Nirodhana, Ṇirodhaṇa: 10 definitions


Nirodhana means something in Hinduism, Sanskrit, Jainism, Prakrit, Marathi. If you want to know the exact meaning, history, etymology or English translation of this term then check out the descriptions on this page. Add your comment or reference to a book if you want to contribute to this summary article.

In Hinduism

Yoga (school of philosophy)

[«previous next»] — Nirodhana in Yoga glossary
Source: ORA: Amanaska (king of all yogas): A Critical Edition and Annotated Translation by Jason Birch

Nirodhana (निरोधन) refers to the “stopping (and drawing down)” (of the upward moving breath), according to the the Dakṣiṇāmūrti (Dakṣiṇāmūrtistotrabhāvārthavārttika), otherwise known as the Mānasollāsa and attributed to a Sureśvarācārya.—Accordingly, while discussing Hathayogic Mudrās as part of Yoga practices: “The contraction [and drawing up] of the downward moving breath and the stopping (nirodhana) [and drawing down] the upward moving breath and the placement of the tongue above the uvula is the practice of Yoga”.

Yoga book cover
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Yoga is originally considered a branch of Hindu philosophy (astika), but both ancient and modern Yoga combine the physical, mental and spiritual. Yoga teaches various physical techniques also known as āsanas (postures), used for various purposes (eg., meditation, contemplation, relaxation).

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In Jainism

General definition (in Jainism)

[«previous next»] — Nirodhana in Jainism glossary
Source: The University of Sydney: A study of the Twelve Reflections

Ṇirodhaṇa (णिरोधण) (in Sanskrit: Nirodha). refers to “control”—Mūlācāra 744 (vol. 2, p. 26), for instance, states that wrong belief, lack of restraint, passions, and activities of body, mind and speech are prevented by right faith, restraint, arresting and control (ṇirodhaṇa/nirodha), respectively. Bārasa Aṇupekkhā 61-3 include similar statements.—Cf. Hemacandra (Yogaśāstra 4.81-5 [vol. 2, p. 871-3]).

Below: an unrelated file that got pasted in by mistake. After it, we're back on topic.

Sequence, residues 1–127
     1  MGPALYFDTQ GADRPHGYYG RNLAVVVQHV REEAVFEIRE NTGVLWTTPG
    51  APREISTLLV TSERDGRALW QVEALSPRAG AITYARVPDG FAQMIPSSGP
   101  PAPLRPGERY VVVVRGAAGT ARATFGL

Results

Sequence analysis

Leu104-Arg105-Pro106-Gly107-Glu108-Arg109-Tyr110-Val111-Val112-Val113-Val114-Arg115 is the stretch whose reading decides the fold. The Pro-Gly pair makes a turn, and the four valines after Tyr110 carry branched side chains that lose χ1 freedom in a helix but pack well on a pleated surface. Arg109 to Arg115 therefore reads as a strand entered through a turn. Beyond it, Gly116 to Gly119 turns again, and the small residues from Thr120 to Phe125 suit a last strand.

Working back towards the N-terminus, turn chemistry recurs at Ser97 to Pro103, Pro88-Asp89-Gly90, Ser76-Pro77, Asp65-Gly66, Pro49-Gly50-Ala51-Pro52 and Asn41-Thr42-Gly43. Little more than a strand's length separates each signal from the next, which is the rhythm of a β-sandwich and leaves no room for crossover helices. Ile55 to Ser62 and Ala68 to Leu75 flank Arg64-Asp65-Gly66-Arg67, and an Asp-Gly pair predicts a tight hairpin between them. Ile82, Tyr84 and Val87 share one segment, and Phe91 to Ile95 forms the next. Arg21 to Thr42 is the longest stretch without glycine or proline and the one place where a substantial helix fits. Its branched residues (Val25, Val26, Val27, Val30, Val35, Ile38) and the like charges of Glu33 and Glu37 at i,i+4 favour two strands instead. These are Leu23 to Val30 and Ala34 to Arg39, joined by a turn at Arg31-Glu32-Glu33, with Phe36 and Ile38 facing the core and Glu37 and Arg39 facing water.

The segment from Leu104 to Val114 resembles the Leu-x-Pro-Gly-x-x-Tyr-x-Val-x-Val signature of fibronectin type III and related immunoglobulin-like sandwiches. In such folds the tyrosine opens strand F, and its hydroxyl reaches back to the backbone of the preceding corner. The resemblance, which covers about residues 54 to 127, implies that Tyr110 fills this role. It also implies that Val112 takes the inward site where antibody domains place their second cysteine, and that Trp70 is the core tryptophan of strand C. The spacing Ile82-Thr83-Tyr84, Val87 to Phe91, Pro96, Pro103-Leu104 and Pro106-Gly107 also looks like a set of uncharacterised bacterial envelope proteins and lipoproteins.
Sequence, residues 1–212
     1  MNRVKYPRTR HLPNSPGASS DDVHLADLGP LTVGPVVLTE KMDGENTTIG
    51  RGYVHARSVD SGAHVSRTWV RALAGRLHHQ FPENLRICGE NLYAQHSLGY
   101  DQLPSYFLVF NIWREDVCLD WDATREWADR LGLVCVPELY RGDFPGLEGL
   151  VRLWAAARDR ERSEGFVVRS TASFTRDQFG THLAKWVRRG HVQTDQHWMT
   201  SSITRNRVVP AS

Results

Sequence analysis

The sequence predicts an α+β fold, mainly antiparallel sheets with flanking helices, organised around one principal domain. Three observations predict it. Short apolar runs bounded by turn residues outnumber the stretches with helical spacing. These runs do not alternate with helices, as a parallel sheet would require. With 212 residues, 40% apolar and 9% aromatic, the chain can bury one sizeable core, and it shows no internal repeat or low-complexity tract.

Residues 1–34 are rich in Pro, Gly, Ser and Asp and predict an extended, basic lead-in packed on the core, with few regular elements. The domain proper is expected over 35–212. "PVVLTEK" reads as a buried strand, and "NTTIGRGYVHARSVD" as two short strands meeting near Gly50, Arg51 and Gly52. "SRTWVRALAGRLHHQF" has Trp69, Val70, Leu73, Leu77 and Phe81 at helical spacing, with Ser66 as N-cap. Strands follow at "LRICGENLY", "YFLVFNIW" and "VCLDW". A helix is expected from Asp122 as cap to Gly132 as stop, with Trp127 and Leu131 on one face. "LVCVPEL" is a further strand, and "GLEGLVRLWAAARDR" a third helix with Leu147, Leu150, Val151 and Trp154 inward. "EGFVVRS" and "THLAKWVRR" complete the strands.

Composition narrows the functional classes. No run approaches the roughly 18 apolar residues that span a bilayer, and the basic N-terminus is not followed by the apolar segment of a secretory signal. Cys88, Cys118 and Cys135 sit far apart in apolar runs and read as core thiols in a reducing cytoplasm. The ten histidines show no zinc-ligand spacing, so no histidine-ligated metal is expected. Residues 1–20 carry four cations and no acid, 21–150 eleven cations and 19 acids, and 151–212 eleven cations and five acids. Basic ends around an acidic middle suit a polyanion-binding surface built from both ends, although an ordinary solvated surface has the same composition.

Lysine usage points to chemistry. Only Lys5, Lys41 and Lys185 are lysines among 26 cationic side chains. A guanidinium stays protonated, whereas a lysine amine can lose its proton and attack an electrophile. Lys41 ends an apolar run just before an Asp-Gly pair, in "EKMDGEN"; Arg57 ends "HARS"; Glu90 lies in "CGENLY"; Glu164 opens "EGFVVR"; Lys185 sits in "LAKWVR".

General definition book cover
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Jainism is an Indian religion of Dharma whose doctrine revolves around harmlessness (ahimsa) towards every living being. The two major branches (Digambara and Svetambara) of Jainism stimulate self-control (or, shramana, ‘self-reliance’) and spiritual development through a path of peace for the soul to progess to the ultimate goal.

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Languages of India and abroad

Marathi-English dictionary

[«previous next»] — Nirodhana in Marathi glossary
Source: DDSA: The Molesworth Marathi and English Dictionary

nirōdhana (निरोधन).—n S Restraining, confining, checking: also obstructing or impeding.

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Marathi is an Indo-European language having over 70 million native speakers people in (predominantly) Maharashtra India. Marathi, like many other Indo-Aryan languages, evolved from early forms of Prakrit, which itself is a subset of Sanskrit, one of the most ancient languages of the world.